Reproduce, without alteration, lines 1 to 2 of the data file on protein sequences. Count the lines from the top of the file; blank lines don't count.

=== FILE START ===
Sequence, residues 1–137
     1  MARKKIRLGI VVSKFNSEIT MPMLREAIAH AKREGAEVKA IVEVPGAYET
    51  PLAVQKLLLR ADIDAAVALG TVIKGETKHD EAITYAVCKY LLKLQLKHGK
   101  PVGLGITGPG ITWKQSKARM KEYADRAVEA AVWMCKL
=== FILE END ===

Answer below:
Sequence, residues 1–137
     1  MARKKIRLGI VVSKFNSEIT MPMLREAIAH AKREGAEVKA IVEVPGAYET